Medical Specialty >> Cardiology
Doctors Lounge - Cardiology AnswersBack to Cardiology Answers List
If you think you may have a medical emergency, call your doctor or 911 immediately. Doctors Lounge (www.doctorslounge.com) does not recommend or endorse any specific tests, physicians, products, procedures, opinions, or other information that may be mentioned on the Site.
DISCLAIMER: The information provided on www.doctorslounge.com is designed to support, not replace, the relationship that exists between a patient/site visitor and his/her physician. Please read our 'Terms and Conditions of Use' carefully before using this site.
Date of last update: 10/20/2017.
Forum Name: Miscellaneous Cardiology Topics
Question: chest and arm pain
|desiree - Thu Apr 10, 2008 3:46 pm|
Hi i am 32yrs old and i have for some months now been experiencing tightening chest pains in the center of the chest and in the middle of the back together with pains in the arm which is like the entire arm is cramping. This happens mainly while i walk or doing small activities,sometimes i get shortness of breath together with the pain and as soon as i stop doing whatever work i have been doing the pain usually goes away. i am on immune suppressants for a kidney transplant which i had almost 3yrs now. Any help or information will be greatly appreciated. Thanks
|John Kenyon, CNA - Thu Jul 24, 2008 9:05 pm|
Hi desiree -
Your chest pain with simultaneous back pain, both in the center of your upper body, plus shortness of breath on exertion, does seem worthy of a cardiac workup. While you are pretty young to be having issues related to coronary artery disease, you also have a pretty exotic medical history, including the immunosuppressant drugs, and so are at a slightly greater risk for cardiac complications. There is also the very rare person who develops heart problems early , or has then due to some congenital abnormality. Hopefully you've been seen for this by now. Please do follow up with us and let us know how you're doing. Good luck to you.
|desiree - Sat Sep 20, 2008 11:36 am|
Thanks for your reply,
I have since had an echo stress test and i have been diagnosed with Hypertophic cardiomyopathy and placed on bata blockers. Although it did help with the rapid heart beat it has not helped with the pain at all. I am now wondering what is next and how do i get rid of the pain i feel when i exercise or walk even short distances.
|John Kenyon, CNA - Tue Sep 23, 2008 10:38 am|
Hi there -
It's not too surprising to learn, based on your age and history, that this is the diagnosis, and it does make sense, although it's not something one would jump to first. Fortunately it has been diagnosed and is being treated. Beta blockers can, over time, help somewhat with the structural problem by reducing the cardiac output. You may find your cardiologist wants to slowly increase the dose, and this may help with the pain.
Hypertrophic cardiomyopathy presents certain unique problems to be dealt with, one being the advisability of continuing an exercise program without wanting to increase muscle mass of the heart, which is precisely what the problem is to begin with.
There are other ancillary treatments, some medical, some surgical, some involving implantable devices, all of which work well in certain cases. Meanwhile, one thing which needs to be stressed is that while continuing your exercise program (or when doing anything involving physical exertion) it is important to include a proper cool-down. While everyone is encouraged to do this when engaged in a structured program, it is especially important for people like you, who have this particular structural issue, because most of these patients will tolerate exercise pretty well, but post-exercise is when the outflow tract to the aortic valve (the main output from the heart to the rest of the body, including the heart itself), can become narrow momentarily. A careful cooldown (as opposed to just stopping, as many people do) can help the heart to adjust to the change in demand and avoid major problems.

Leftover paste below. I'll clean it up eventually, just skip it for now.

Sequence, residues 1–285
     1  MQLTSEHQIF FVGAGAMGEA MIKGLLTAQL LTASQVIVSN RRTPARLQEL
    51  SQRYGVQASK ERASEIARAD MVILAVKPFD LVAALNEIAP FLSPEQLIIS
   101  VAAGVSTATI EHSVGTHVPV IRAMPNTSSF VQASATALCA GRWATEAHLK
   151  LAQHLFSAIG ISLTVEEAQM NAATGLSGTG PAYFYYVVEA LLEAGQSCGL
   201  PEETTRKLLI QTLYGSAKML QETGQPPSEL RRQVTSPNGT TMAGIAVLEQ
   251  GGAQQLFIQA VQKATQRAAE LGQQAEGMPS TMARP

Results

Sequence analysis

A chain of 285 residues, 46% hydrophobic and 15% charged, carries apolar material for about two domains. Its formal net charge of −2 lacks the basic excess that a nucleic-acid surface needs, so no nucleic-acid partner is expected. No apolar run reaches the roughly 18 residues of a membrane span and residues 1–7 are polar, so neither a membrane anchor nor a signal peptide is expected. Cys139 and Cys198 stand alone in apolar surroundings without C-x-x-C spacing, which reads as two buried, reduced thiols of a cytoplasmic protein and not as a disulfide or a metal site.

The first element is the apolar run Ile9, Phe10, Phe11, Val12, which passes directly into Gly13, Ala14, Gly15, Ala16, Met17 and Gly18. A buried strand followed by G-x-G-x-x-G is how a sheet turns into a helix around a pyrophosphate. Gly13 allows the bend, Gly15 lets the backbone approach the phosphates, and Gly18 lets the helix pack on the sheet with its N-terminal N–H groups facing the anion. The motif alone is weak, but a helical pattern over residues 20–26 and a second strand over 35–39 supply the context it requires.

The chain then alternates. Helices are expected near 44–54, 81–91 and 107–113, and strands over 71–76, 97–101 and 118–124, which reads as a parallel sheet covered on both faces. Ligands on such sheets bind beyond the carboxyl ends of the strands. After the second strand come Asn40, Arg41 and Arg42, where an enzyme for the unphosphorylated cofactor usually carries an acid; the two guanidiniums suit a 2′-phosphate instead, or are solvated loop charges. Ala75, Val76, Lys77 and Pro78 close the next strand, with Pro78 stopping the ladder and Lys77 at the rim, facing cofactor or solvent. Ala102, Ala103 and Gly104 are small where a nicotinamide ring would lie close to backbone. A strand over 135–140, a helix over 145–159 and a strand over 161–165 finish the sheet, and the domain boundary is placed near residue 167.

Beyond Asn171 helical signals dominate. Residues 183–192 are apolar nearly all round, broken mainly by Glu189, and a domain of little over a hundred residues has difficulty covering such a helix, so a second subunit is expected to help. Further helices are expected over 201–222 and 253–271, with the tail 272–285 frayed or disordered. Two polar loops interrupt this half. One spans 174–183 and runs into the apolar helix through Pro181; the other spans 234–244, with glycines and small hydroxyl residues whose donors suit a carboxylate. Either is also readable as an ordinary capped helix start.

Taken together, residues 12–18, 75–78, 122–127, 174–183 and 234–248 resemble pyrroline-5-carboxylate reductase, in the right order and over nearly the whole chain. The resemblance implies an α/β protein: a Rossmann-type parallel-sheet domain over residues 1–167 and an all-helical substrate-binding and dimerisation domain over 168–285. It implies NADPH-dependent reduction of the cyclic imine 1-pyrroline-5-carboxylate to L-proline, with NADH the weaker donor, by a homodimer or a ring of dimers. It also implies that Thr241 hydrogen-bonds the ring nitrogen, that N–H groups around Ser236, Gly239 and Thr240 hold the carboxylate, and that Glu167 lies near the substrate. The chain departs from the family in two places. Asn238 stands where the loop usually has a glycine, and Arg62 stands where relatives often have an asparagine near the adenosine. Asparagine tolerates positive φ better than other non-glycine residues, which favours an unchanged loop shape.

If you're having pain during exercise and other exertion this still holds true, but it may mean the outflow tract is compromised routinely. If this is the case, your doctor would have been able to visualize it on the echocardiogram and should have given you appropriate advice as to how to minimize the resulting pain. Again, an incremental increase in the dose of beta blocker is often the simplest way to achieve this.
You'll have to be followed on a routine basis now, and depending on many factors, you may see an advancement of the problem or an improvement. Based on how things evolve over time, your doctor will recommend measures as mentioned above, from the conservative to perhaps a more radical surgical correction.
Best of luck to you in dealing with this challenge, and please do stay in touch with us here.
|desiree - Tue Sep 23, 2008 7:15 pm|
Dear doctor thanks for your reply. I have been on beta blockers for one month now and i do have a reduction in the heart rate but not so much the pain i am hoping that this will change over time. I will keep you informed as to how things work out.
|| Check a doctor's response to similar questions|
Are you a Doctor, Pharmacist, PA or a Nurse?
Join the Doctors Lounge online medical community
Editorial activities: Publish, peer review, edit online articles.
Ask a Doctor Teams: Respond to patient questions and discuss challenging presentations with other members.